'The final conclusion that we thus reach is that when a tenant-defendant's defence against a delivery of possession is struck out under Section 17 (3) of the 1956 Act what is struck out is his special defence under Section 13 (1) of the Act but still he has the right to contest the suit and as part of this right he has the right not only to cross-examine the plaintiff's witness but also to examine his own witnesses on points outside the scope of Section 13 (1) of the Act.The petitioner's prayer in the instant case for permission to cross-examine plaintiff's witnesses on all points, has therefore, been rightly rejected.'
7. Mr. Roy Choudhury has also referred to the decision in Subodh Chandra Singh v. Santosh Kumar Srimani (1964) 68 Cal W. N. 184 in which it was held that a suit in which defence of the defendant against delivery of possession had been struck out under Section 17 (3) of the Act of 1956 the plaintiff will have to prove not only the service of the notice under Section 106 of Transfer of Property Act but also the service of notice of suit under Section 13 (6) of the Act of 1956. On these authorities it has been contended by Mr. Roy Choudhury that as the defence made in the written statement has been struck out by order under Section 17 (3) the plaintiff was required only to prove the legality and validity of the notice as also its service and since these have been done and the courts have found the notice to be valid and duly served there is no further impediment in the suit being decreed for recovery of possession. Mr, Roy Choudhury contended further that in view of the finding on the application under Section 17 (3), if the notice is found to be legal and valid, the plaintiff would be entitled to a decree notwithstanding the provision of Section 13 (1) of the Act. Mr. Palit has contended on the other hand that even if the defence against delivery of possession has struck out and the notice is otherwise valid and properly served the plaintiff will have to prove his case affirmatively by legal testimony establishing all or any of the grounds referred to in grounds (a) to (k) of Sub-section (1) of Section 13 of the Act and only when the court is satisfied that all or any of the grounds under that Sub-section have or has been made out, the court wilt pass a decree for recovery of possession.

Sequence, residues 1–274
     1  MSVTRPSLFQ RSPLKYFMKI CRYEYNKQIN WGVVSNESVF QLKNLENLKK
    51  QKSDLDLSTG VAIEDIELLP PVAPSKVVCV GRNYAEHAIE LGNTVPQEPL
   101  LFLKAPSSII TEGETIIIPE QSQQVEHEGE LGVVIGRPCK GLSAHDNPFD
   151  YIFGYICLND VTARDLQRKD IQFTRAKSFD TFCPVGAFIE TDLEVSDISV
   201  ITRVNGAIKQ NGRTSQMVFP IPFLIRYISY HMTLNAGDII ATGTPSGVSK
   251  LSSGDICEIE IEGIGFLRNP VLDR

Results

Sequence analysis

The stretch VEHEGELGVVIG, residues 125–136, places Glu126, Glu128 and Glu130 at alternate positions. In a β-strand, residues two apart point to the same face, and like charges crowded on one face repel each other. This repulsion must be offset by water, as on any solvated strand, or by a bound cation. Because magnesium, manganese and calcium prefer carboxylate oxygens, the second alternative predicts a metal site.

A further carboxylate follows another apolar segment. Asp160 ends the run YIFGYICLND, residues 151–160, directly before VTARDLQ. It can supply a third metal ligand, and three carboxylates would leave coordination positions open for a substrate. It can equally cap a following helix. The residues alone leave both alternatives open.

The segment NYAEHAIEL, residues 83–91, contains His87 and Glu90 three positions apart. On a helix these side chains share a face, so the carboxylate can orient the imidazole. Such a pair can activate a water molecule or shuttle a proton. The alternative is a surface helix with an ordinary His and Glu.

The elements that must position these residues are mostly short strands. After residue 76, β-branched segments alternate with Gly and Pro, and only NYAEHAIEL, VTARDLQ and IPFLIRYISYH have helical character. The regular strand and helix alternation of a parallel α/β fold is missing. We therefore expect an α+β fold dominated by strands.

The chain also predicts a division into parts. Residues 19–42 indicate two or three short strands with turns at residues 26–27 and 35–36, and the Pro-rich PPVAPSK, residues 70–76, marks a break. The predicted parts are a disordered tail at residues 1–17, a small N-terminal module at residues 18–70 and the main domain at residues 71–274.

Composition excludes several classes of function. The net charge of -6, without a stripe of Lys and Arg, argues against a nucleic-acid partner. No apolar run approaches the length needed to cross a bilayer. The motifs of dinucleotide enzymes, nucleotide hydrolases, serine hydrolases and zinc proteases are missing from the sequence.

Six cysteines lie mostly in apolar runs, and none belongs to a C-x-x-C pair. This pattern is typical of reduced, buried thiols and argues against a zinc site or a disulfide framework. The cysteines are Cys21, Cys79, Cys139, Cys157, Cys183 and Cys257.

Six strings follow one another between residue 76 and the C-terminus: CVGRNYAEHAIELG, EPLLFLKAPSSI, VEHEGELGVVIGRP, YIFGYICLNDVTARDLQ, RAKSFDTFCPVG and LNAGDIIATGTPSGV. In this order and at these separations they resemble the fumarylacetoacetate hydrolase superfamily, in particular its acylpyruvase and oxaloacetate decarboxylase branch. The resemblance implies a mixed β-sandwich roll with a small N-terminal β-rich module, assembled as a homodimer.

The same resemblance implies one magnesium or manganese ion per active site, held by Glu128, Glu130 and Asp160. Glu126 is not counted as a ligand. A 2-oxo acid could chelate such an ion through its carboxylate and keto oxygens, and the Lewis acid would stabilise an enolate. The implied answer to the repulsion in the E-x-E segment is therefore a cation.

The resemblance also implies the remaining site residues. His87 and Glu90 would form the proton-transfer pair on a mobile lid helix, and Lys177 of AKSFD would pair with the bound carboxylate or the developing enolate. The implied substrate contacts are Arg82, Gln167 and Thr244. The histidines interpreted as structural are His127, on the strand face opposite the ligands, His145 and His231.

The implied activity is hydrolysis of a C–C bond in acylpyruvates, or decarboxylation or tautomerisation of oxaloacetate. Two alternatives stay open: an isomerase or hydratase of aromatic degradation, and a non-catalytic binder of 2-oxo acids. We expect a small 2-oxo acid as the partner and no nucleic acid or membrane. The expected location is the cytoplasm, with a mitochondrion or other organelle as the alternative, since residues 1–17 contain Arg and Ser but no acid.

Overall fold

8. Under the provisions of West Bengal Premises Tenancy Act, 1956 the Court is entitled to pass a decree for recovery of possession on one or more of the grounds mentioned in Section 13 (1), and unless any or more of such grounds are made out and established, the Court is not entitled to pass any decree irrespective of the question whether the suit defended or the defence against delivery of possession is struck out even though the notice to quit and of suit is legal and valid and duly served. In Ferozilal Jain v. Man Mal reported in, : AIR1970SC794 the Supreme Court was considering as to whether the decree under execution was a nullity. It may be that the decree, in question was one passed on compromise and the terms provided that the parties shall be bound by the terms which were to be incorporated in the decree sheet and the decree was passed on that basis. This proceeding was covered by the Delhi and Ajmer Rent Control Act. 1952 and the provisions of Section 13 (1) are in pari materia with those of Section 13 (1) of our Act. The court held:
'From this provision, it is clear that after the Rent Control Act came into force, a decree for recovery of possession can be passed by any court only if that court is satisfied that one or more of the grounds mentioned in Section 13 (1) are established. Without such a satisfaction the court is incompetent to pass decree for possession. In other words the jurisdiction of the Court to pass a decree for recovery of possession of any premises depends upon its satisfaction that one or more of the grounds mentioned in Section 13 (1) have been proved.'